Skip to main content

How to Build a Kicker Ramp for Skateboarders in 7 Easy Steps

  • Author:
  • Updated date:

Billy is a long-time skateboarder who shares tips on learning how to skateboard, building skate obstacles, and more.

How to Build Your Own Kicker Ramp

Learning how to build a kicker ramp is simple and easy. Every skateboarder should know how to build one, so if you don't know how to build a kicker ramp yet, you're about to learn how.

Building a skateboard kicker ramp doesn't involve a lot of wood, which means you should be able to build a ramp fairly easily and inexpensively. It is a small ramp that can be moved easily, without a lot of effort.

In this article, you're going to learn how to build a small kicker ramp. If you want to build a bigger one, go ahead—just tailor these plans to the size you want.

Kicker Ramp Materials

Before you can get started, gather everything you need. Here are the materials needed to build this ramp:

  • About 12 feet of 2x4s (6 2x4s at 23" long)
  • Lots of screws, different sizes (20 1" screws, 24 1 1/2" screws, and 2 3/4" screws to affix the metal bottom piece)
  • One 1/2 thick sheet of plywood at 2 feet wide x 4 feet long
  • Piece of thin metal (One 3/16 thick piece of sheet metal at 10 inches x 4 feet)

Where to Get Supplies

You can find most of the supplies you need at your local hardware store, like Home Depot or Rona for example. What you're probably not going to find there is the metal piece for the bottom of your kicker ramp.

Call or stop by a metal shop and explain to them what you're working on and what you need. If you're lucky they will have a piece approximately that size in the scrap bin, and they will probably let you have it for free.

And if you ask real nice, the guys at the metal shop might even cut the piece into the right size, punch holes and countersink the holes too. If not, don't worry because it's not that hard to do with the right tools.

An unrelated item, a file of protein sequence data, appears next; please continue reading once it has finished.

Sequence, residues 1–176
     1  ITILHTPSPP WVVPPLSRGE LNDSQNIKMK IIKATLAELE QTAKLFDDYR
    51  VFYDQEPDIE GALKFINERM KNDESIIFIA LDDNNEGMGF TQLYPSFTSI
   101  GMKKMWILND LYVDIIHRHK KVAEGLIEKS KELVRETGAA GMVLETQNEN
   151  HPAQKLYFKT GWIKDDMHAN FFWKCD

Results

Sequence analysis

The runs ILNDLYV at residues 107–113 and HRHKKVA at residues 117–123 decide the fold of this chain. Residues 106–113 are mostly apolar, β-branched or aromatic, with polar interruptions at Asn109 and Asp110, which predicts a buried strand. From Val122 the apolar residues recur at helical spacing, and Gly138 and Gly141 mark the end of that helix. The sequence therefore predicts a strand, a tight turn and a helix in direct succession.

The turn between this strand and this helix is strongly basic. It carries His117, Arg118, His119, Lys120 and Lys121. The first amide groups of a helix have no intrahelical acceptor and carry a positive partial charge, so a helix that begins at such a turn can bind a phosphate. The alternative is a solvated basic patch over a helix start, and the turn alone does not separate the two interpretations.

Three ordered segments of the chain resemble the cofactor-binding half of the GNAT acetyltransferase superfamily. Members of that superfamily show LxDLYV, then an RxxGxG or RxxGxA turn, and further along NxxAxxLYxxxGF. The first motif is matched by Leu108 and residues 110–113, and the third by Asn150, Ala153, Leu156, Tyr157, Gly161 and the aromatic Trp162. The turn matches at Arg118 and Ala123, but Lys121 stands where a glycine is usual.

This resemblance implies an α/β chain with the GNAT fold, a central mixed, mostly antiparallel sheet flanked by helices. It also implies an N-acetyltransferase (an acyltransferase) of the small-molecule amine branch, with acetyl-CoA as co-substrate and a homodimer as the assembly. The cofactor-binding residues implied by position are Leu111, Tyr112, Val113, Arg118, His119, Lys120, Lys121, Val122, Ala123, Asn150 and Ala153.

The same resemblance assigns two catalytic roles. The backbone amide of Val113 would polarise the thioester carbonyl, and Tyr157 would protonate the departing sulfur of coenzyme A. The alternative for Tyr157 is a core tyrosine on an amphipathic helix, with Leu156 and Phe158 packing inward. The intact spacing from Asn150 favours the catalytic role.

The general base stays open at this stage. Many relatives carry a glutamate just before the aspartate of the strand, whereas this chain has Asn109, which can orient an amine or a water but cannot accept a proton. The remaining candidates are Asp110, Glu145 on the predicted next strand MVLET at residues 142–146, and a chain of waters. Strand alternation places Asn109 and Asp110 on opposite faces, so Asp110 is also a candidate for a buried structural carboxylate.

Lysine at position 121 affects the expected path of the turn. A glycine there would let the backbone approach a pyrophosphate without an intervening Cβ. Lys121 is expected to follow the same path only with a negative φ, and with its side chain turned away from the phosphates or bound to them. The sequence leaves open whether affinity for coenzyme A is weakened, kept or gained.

If you want your kicker ramp to last a long time, you might want to spend some money on a few things to protect it from the outside elements.

Things to consider:

  • Buy pressure-treated lumber.
  • Paint your kicker ramp.
  • Get a tarp to cover it when it rains.

You could also purchase some composite material like Skate Lite or Ramp Armor for the surface too, but it's not absolutely necessary.

If you're going to be working with pressure-treated lumber, be careful because they treat the lumber with a pesticide that's poisonous. Wear gloves and a long sleeve shirt, as well as wear a dust mask when cutting the material.

Honestly though, you don't have to spend a lot of money to build a kicker ramp if you don't want to. The ramp you see in these pictures was built entirely out of scrap material that was lying around.

How to Build a Kicker Ramp, Step by Step

Alright, let's get started...

1. Collect Tools

Get all your tools together first. You'll need:

  • Pencil
  • Tape measure
  • Circular saw
  • Drill w/ proper bit
  • 3/16 drill bit
  • 3/8 drill bit

If you don't have drill bits or you can't get someone to drill holes into the metal piece for the bottom, it's not a big deal, you can still build a kicker ramp.

2. Cut Your Materials

Once you have all your tools together, cut all your materials and put them in one pile. Start with cutting the side pieces and then cut the 2x4 pieces.

Here's the material cut list:

  • Lumber: Six 2x4's cut at 23 inches
  • Plywood: One 1/2 in. sheet of plywood cut at 2 ft. x 4 ft